[WATCH] Imprudent to remove COVID-19 restrictions all at once, Robert Abela says

On his first 100 days in office, Prime Minister Robert Abela is interviewed on TVM’s Xtra

Prime Minister Robert Abela
Prime Minister Robert Abela

Lifting of COVID-19 restrictions will be done gradually despite the temptation of a hasty return to normality, Robert Abela has warned.

The Prime Minister said government will adopt a gradual and studied exit strategy similar to the approach used when restrictions were introduced last month.

Malta has so far managed to contain the spread of the coronavirus pandemic with the last few days registering very few new cases as more people recover from the virus.

“The numbers are what they are because of the way we operated and managed to contain the pandemic. The temptation is to act hastily but it would be a mistake. It would be imprudent to remove restrictions all at once,” Abela said when interviewed on TVM’s Xtra on Thursday night.

Asked whether government had a plan on when to re-open the airport, Abela said that would definitely not be among the first restrictions to be lifted.

“It is difficult to commit on a date for re-opening the airport because it also depends on what is happening abroad but that decision will definitely not be among the first,” he said.

Echoing the words of Health Minister Chris Fearne, Abela said the gradual approach will enable the health authorities to assess the situation before taking further decisions.

“We will monitor the pandemic’s behaviour and the number of infections will guide us on whether to lift more restrictions, stay put, or re-introduce them if necessary,” Abela said, conceding that the thing he missed most was meeting people.

The interview coincided with Abela’s first 100 days in office since winning the Labour Party leadership last January.

Every state’s obligation is to coordinate rescue of boats in distress

On migration, Abela said it was every state’s obligation to coordinate the rescue of a boat that is in distress in its search and rescue region.

“We did a lot to save lives and we fulfilled our legal and humanitarian obligations to save people,” he said, underscoring that a country’s SAR responsibility is to coordinate rescue.

Abela did not hide his anger over the police report filed by civil society group Repubblika against soldiers, the army commander and himself, accusing them of reneging on their duty to rescue people at sea. The group has since withdrawn one of the accusations that soldiers tried to sabotage a migrant dinghy.

“The brigadier, 11 soldiers and I are facing accusations of voluntary murder when we did everything to save people... when we said our ports are closed because of the pandemic emergency we never meant that we will not satisfy our international obligation to coordinate rescues in our search and rescue region,” Abela said.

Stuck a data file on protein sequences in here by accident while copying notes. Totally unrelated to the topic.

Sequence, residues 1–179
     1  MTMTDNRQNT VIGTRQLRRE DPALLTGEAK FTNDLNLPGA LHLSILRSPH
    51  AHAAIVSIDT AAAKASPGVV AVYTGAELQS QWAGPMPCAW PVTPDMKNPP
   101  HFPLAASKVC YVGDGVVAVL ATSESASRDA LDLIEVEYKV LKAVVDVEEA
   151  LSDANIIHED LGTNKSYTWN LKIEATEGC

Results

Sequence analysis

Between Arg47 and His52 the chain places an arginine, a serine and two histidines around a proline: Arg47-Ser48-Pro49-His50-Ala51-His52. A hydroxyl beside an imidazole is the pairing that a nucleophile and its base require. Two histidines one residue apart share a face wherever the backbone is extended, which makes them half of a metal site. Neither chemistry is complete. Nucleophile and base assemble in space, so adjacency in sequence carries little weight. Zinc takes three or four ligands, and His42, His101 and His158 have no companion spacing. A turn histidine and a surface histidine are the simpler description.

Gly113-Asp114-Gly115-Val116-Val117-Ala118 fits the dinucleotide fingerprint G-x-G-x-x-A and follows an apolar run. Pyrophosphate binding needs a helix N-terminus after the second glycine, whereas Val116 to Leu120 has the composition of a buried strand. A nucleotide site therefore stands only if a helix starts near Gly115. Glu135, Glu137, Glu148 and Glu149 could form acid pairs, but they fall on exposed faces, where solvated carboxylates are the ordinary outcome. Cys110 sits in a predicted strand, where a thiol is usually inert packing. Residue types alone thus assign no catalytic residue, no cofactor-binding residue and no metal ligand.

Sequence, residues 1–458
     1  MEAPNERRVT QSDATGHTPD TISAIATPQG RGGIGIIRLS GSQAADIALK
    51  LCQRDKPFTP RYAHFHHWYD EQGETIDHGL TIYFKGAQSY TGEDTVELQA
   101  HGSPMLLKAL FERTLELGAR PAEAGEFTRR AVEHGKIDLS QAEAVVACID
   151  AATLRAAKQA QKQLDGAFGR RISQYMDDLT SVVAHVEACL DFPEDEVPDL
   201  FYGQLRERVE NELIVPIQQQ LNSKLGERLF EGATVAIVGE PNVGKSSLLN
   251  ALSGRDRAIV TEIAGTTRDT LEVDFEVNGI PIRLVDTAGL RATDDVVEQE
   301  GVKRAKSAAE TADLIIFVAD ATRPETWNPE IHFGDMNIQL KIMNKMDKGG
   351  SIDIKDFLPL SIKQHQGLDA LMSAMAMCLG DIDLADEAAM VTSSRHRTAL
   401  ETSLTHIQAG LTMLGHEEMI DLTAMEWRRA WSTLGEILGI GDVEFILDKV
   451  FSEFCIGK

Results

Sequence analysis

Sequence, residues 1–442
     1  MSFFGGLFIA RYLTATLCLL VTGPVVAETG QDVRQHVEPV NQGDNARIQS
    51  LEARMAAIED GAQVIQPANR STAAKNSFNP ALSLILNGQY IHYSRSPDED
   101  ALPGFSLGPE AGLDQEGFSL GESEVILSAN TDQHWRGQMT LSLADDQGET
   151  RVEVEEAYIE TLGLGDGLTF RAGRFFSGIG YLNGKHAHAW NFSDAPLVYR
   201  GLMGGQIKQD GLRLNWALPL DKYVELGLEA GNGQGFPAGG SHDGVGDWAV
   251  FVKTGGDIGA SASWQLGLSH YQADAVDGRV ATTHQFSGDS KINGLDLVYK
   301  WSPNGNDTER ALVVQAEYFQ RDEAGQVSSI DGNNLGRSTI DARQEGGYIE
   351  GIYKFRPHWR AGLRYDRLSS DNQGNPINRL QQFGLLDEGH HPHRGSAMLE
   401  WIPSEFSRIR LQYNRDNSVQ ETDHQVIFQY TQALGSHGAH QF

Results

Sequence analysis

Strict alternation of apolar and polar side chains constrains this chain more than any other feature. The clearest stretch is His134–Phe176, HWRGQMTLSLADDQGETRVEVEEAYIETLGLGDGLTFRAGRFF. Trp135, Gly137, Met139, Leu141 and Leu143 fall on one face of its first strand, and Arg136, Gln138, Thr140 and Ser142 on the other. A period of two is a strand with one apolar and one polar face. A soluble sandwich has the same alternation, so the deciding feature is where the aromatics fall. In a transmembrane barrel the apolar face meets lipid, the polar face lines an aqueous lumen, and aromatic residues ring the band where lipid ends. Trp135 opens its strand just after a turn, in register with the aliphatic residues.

He expressed disappointment at the manner in which the EU washed its hands of the matter.

“Europe has disappointed us. I understand that these are circumstances without precedence for all European countries but it is unfair to leave countries like Malta and Italy deal with the burden on their own,” he said.

Abela condemned racist talk but insisted the majority of people were arguing that at a time when all travel to Malta was closed because of the health emergency, it made no sense to have hundreds of migrants brought here.

“I understand this sentiment,” he said, adding that listening to people did not mean that he was a populist.

Venice Commission and good governance

Having taken the country’s helm at a time of political turmoil caused by serious accusations that Daphne Caruana Galizia’s murder had links to Castille, Abela maintained that governance remained an important issue despite the COVID-19 pandemic.

“Despite the current focus on the pandemic, we have continued with implementation of the Venice Commission report recommendations… we are convinced of the importance of good governance,” Abela said.

Government has so far reached an understanding with the Opposition on changes to the judicial appointments system but has kept the proposals under wraps until it receives feedback from the Venice Commission.

Republika, which was on the forefront of anti-corruption protests that rocked Joseph Muscat’s government last year, has criticised government for not consulting with civil society before passing on its reform proposals to the Venice Commission.

Abela promised that government will eventually engage in dialogue with NGOs.

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